I had a couple in my practice this week who described themselves as ‘married roommates’ – you may be surprised to hear that this is not uncommon and it can happen surprisingly quickly in a relationship. While some married roommates can function perfectly happily in a polite friend or sibling like dynamic there are others that turn into angry, resentful, contemptuous and ugly relationships.

In the beginning the connection seems quite effortless fueled by attraction and excitement and these new couples enjoy working hard to understand each other. Those behaviors also reinforce your mutual interest in each other. But once the initial novelty fades partners often stop putting in the effort required, there’s no longer the need to impress nor the need for fun and excitement and the downward spiral begins. While the initial phases of setting up home together were exciting, as the days pass the new reality of the routines can become truly disappointing.  The incredible connection the couple first had at the beginning of the relationship has become a hum drum list of transactional events from managing careers, financial pressure, health management, retirement planning, house, friends and kids. The emotional side of the relationship is surpassed by the functional aspects of everyday life. As the months and years pass the functional aspects only increase – the bills, extended families, finances, meal planning, chores etc. Responsibilities are slowly prioritized over quality time together. You quickly go from being a fun loving and carefree couple to a stressed and busy duo and conversations sound like one big long to-do list. In the evenings the couples now find themselves in different rooms partaking in different activities.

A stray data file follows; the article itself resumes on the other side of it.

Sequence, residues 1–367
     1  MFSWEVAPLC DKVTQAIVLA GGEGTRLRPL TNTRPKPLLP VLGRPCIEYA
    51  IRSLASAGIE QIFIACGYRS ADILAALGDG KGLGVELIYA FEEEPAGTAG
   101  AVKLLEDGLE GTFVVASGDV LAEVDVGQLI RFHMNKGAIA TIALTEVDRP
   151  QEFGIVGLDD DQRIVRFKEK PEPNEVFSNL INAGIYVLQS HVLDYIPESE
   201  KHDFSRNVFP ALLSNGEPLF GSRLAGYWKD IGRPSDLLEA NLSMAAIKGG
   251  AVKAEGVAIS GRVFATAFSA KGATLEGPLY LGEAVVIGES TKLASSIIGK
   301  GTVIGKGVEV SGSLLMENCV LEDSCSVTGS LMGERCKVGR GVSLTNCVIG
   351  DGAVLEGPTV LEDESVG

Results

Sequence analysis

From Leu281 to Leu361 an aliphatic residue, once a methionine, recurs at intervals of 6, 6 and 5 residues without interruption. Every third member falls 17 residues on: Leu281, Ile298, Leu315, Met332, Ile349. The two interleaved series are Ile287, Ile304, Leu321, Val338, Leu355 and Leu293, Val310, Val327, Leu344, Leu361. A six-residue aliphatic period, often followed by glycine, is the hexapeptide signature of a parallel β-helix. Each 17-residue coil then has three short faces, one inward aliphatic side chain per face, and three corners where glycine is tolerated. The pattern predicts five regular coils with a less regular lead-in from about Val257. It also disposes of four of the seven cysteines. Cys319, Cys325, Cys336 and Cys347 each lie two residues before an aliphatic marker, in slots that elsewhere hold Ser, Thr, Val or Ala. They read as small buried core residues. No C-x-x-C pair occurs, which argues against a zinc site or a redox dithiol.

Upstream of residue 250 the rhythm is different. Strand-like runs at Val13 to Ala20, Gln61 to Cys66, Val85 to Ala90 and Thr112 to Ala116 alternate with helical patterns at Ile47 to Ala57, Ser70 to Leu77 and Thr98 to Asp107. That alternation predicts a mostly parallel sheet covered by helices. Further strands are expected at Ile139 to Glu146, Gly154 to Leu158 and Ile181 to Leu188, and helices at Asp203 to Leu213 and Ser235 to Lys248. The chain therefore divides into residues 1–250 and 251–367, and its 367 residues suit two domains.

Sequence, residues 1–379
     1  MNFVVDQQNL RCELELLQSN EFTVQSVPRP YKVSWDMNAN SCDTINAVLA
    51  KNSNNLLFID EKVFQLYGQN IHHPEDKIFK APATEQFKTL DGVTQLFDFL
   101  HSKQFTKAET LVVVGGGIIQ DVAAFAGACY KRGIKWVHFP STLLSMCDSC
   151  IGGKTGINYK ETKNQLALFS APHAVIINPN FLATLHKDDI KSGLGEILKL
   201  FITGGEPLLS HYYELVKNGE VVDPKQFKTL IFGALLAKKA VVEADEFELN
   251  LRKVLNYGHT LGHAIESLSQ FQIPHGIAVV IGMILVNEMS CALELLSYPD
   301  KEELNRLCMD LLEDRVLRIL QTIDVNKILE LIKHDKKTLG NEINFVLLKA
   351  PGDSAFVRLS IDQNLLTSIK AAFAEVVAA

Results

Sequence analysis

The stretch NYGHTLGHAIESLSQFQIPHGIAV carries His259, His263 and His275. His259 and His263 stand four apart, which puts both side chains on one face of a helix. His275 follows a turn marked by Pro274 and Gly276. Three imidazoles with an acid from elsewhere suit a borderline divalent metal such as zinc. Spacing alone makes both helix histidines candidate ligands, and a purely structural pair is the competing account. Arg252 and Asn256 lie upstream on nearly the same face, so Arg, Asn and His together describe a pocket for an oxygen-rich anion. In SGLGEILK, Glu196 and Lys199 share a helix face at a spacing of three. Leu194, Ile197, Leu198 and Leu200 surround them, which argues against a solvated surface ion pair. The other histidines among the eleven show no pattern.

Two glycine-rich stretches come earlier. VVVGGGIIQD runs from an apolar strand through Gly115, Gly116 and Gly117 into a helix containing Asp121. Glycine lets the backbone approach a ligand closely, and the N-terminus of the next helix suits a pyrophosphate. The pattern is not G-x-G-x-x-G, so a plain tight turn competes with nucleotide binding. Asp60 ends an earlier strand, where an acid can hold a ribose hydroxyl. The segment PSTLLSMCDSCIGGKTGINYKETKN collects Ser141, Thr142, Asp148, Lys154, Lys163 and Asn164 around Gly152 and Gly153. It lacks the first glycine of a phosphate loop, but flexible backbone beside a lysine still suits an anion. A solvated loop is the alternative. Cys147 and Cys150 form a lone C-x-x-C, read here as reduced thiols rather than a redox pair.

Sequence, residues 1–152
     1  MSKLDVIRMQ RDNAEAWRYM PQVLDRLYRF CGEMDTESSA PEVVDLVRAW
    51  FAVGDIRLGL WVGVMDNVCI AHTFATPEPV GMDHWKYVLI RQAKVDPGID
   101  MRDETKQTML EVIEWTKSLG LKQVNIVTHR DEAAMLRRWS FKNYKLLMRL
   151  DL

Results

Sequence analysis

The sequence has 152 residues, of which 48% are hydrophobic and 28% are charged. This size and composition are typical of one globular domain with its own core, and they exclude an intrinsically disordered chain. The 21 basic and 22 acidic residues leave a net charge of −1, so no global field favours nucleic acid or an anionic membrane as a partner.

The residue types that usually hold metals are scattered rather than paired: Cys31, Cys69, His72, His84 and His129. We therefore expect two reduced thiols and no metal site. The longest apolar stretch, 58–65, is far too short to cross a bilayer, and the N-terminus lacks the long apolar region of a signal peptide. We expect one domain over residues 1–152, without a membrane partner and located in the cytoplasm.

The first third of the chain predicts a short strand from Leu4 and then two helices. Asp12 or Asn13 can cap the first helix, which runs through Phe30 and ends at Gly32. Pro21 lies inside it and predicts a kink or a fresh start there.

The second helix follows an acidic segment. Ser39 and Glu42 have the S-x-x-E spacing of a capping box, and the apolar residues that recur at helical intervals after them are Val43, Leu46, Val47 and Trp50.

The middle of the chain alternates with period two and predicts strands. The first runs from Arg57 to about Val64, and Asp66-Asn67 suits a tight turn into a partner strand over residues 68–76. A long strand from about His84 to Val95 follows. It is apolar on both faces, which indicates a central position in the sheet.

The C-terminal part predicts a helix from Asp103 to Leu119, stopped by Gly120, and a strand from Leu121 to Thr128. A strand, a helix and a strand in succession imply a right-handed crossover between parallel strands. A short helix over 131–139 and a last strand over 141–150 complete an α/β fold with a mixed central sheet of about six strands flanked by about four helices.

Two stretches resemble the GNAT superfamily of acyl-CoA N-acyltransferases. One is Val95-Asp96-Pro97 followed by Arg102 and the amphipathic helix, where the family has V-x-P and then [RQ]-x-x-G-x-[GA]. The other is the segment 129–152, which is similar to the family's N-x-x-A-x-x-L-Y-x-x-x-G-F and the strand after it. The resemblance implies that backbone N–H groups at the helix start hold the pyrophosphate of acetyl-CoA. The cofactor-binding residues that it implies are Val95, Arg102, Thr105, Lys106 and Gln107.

Often when a couple do marry there has been little or no explanation or preparation for what lies ahead and this is particularly so for those who have not lived together before the wedding day. No one has prepared you for just how hard it can be and how you need to adapt to the challenges you’re likely to face. Nor does our culture assist – weddings are romanticized and the realities of marriage glossed over. Young couples tend to focus on the wedding and honeymoon and not on what it means to actually ‘be married’. Consequently many have a very hard time adjusting.

The first part of our lives is about the self and self discovery – the time when we learn to be comfortable in our skin. You are a self-driven individual entity. The second major phase of your life is characterized by committing to another person which means sharing your life with that other. Now you have to shift from making choices for yourself to having to compromise as well as share every aspect of your life. The level of selflessness required to do this can come as a great shock. And many of the problems that arise in this period have to do with the inability to change expectations or behaviors accordingly. In this phase in your life – every aspect of your life will change. That’s massive! If you don’t manage to work as a team in this phase and instead you do your own thing you slowly cease to need the other for support and naturally you drift apart and the distance between you grows. It is in this phase that those hopes and dreams that you had at the beginning need to be rekindled.  Belief in the other is so important. Indulging only your own needs will have catastrophic consequences. In order to cope in this phase your mind set has to be readjusted. The third phase is the phase where the child rearing is complete and life slows down. (more about this in another post).